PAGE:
For private companies, the new standard represents a fundamental overhaul of the existing accounting model for goodwill. A private company that elects to adopt the alternative will be able to both amortize goodwill and apply a simplified goodwill impairment test.
ASU 2014-18, “Accounting for Identifiable Intangible Assets in a Business Combination.” In December 2014, the FASB issued ASU 2014-18. Similar to ASU 2014-02, this ASU is expected to reduce the cost and complexity of accounting for a business combination by permitting certain acquired identifiable intangible assets to be subsumed into goodwill as opposed to being separately valued. The ASU permits the following:
- A qualified entity has the option to not separately recognize and measure noncompete agreements and certain customer-related intangible assets in a business combination.
- Customer relationship intangible assets still may be required to be valued and recognized if it is determined that they are capable of being sold or licensed independently from other assets of a business.
An entity that elects this accounting alternative must adopt the provisions of ASU 2014-02. The decision to adopt the accounting alternative must be made upon the occurrence of the first transaction within the scope of this accounting alternative in fiscal years beginning after Dec. 15, 2105. Early adoption is permitted for any interim or annual period for which the entity’s financial statements have not yet been made available to be issued. The effective date is the first date of the period in which the alternative is adopted.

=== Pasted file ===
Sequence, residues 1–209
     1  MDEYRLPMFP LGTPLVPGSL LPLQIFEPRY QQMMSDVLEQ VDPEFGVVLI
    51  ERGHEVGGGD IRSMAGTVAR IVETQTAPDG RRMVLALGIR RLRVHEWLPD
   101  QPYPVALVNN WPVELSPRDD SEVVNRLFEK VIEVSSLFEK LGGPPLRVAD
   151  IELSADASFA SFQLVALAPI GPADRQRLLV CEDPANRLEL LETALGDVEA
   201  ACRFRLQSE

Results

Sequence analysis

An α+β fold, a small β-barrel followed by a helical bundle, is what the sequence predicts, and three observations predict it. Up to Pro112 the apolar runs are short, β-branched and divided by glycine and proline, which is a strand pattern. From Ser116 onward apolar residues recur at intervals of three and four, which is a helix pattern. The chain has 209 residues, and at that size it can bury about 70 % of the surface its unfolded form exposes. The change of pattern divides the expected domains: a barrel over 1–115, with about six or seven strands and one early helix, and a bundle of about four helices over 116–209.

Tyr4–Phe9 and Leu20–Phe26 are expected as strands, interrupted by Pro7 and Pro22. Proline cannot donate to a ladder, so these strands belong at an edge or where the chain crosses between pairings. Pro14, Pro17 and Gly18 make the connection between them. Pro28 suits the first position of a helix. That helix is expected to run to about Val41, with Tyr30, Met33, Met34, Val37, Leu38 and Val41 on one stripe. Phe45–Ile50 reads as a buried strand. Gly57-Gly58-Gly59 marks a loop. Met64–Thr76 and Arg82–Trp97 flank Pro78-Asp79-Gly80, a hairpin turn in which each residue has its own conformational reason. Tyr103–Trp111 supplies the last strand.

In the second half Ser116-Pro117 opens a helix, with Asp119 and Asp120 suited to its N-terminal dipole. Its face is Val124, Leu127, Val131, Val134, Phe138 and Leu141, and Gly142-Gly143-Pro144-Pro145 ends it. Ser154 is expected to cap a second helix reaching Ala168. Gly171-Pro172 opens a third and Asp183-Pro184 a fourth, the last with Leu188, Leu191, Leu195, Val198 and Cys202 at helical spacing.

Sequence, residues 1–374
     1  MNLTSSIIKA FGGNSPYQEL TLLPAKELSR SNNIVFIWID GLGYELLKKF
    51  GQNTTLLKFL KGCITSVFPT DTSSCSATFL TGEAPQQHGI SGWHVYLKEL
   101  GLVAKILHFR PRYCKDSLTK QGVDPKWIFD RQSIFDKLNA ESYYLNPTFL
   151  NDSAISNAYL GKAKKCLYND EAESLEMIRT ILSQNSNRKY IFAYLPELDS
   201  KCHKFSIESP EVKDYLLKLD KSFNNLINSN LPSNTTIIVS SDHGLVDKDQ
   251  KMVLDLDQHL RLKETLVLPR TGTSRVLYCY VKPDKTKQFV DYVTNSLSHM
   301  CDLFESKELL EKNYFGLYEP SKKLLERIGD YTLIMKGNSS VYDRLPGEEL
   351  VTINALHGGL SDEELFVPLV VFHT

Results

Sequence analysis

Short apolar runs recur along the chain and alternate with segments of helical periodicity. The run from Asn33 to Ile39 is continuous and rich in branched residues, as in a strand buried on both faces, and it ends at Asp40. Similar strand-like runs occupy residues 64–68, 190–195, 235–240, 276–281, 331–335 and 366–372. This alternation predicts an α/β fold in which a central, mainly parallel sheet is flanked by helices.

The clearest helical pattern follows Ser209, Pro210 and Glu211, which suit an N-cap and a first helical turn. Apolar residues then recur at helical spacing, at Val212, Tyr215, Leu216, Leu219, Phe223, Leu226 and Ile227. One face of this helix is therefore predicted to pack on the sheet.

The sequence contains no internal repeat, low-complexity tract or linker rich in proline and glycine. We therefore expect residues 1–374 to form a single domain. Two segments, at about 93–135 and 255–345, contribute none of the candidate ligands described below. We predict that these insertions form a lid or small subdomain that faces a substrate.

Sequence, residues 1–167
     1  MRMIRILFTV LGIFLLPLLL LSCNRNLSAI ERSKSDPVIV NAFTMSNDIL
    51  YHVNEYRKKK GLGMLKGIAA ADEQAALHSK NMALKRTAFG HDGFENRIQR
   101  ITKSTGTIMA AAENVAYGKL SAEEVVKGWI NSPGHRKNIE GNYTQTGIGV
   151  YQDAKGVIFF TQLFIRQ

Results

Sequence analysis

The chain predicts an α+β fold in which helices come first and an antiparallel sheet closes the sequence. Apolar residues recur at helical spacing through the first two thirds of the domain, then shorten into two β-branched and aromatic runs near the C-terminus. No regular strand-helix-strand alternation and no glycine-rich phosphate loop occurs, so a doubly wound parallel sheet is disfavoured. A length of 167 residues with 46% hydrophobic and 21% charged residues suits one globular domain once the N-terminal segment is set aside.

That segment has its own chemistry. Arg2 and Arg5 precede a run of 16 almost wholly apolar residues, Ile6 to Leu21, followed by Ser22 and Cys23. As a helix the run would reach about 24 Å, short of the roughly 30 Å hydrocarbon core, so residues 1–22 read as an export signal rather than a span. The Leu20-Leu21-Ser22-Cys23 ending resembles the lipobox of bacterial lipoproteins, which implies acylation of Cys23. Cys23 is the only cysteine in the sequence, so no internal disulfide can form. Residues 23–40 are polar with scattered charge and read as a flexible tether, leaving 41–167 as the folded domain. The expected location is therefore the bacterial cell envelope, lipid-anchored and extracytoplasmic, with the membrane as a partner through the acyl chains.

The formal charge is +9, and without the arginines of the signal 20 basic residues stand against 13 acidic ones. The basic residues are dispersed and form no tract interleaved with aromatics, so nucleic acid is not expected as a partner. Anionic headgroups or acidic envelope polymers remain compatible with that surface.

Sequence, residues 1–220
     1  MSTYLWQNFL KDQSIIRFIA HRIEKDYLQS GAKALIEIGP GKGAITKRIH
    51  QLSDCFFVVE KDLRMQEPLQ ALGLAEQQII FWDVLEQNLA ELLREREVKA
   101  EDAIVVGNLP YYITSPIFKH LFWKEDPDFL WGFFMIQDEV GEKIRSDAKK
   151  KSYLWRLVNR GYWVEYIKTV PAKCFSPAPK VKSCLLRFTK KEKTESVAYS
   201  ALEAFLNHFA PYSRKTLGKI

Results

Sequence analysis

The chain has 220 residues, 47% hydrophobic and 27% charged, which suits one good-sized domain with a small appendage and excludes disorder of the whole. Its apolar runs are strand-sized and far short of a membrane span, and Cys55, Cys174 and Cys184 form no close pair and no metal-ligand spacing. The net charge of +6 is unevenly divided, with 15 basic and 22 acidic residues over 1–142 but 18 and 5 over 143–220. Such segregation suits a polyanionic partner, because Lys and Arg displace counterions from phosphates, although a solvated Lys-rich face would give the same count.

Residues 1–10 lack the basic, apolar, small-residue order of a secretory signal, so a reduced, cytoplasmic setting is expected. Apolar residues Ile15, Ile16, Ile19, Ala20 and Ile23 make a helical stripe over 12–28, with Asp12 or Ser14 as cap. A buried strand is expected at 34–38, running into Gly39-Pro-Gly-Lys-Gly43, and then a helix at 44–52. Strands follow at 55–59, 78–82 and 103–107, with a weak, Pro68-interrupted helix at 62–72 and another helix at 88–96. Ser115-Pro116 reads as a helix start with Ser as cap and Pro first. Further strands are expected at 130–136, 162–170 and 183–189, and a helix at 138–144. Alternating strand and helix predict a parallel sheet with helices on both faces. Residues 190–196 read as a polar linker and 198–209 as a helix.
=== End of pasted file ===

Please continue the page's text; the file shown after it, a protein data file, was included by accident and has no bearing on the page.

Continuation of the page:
The alternative allows private companies to avoid what sometimes can be a complex calculation that requires the assistance of outside valuation specialists. These companies no longer would have to recognize these intangible assets separately from goodwill in a business combination.
It is clear that the FASB has recognized the different needs of the various financial statement users for privately held entities. Through the PCC, the FASB has provided alternative accounting and reporting guidance that, in many cases, simplifies accounting and reporting requirements under previous guidance. Many of the accounting alternatives issued by the FASB to date could have an impact on how healthcare entities account for business acquisitions and combinations. Healthcare finance executives should make themselves familiar with the private-company accounting alternatives so that they may be able to take advantage of certain opportunities to reduce the cost and complexity of financial reporting.